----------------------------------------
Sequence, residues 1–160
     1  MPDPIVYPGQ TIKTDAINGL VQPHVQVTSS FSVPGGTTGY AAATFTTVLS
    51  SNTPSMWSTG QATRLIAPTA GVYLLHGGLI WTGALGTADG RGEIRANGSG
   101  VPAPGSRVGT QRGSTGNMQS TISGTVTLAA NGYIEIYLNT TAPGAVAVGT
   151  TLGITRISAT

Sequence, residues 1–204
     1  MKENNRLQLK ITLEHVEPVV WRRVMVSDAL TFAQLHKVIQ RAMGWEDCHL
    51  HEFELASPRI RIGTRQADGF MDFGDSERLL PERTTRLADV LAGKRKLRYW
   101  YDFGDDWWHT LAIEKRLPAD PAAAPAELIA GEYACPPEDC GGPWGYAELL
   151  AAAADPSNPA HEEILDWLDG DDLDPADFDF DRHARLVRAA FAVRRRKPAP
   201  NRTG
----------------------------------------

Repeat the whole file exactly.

Sequence, residues 1–160
     1  MPDPIVYPGQ TIKTDAINGL VQPHVQVTSS FSVPGGTTGY AAATFTTVLS
    51  SNTPSMWSTG QATRLIAPTA GVYLLHGGLI WTGALGTADG RGEIRANGSG
   101  VPAPGSRVGT QRGSTGNMQS TISGTVTLAA NGYIEIYLNT TAPGAVAVGT
   151  TLGITRISAT

Sequence, residues 1–204
     1  MKENNRLQLK ITLEHVEPVV WRRVMVSDAL TFAQLHKVIQ RAMGWEDCHL
    51  HEFELASPRI RIGTRQADGF MDFGDSERLL PERTTRLADV LAGKRKLRYW
   101  YDFGDDWWHT LAIEKRLPAD PAAAPAELIA GEYACPPEDC GGPWGYAELL
   151  AAAADPSNPA HEEILDWLDG DDLDPADFDF DRHARLVRAA FAVRRRKPAP
   201  NRTG